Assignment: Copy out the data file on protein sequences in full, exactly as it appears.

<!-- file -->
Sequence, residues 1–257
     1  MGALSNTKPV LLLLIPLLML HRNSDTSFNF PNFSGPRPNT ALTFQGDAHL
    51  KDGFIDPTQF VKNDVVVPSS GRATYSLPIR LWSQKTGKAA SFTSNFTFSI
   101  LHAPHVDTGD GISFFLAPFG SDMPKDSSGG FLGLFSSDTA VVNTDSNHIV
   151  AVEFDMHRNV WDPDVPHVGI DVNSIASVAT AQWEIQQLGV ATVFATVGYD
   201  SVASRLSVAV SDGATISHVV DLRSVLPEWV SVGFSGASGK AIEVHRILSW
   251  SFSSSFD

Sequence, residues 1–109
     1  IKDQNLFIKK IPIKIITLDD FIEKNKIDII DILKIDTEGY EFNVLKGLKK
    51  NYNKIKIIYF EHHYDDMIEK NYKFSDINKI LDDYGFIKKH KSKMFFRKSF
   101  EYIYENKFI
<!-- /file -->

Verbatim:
Sequence, residues 1–257
     1  MGALSNTKPV LLLLIPLLML HRNSDTSFNF PNFSGPRPNT ALTFQGDAHL
    51  KDGFIDPTQF VKNDVVVPSS GRATYSLPIR LWSQKTGKAA SFTSNFTFSI
   101  LHAPHVDTGD GISFFLAPFG SDMPKDSSGG FLGLFSSDTA VVNTDSNHIV
   151  AVEFDMHRNV WDPDVPHVGI DVNSIASVAT AQWEIQQLGV ATVFATVGYD
   201  SVASRLSVAV SDGATISHVV DLRSVLPEWV SVGFSGASGK AIEVHRILSW
   251  SFSSSFD

Sequence, residues 1–109
     1  IKDQNLFIKK IPIKIITLDD FIEKNKIDII DILKIDTEGY EFNVLKGLKK
    51  NYNKIKIIYF EHHYDDMIEK NYKFSDINKI LDDYGFIKKH KSKMFFRKSF
   101  EYIYENKFI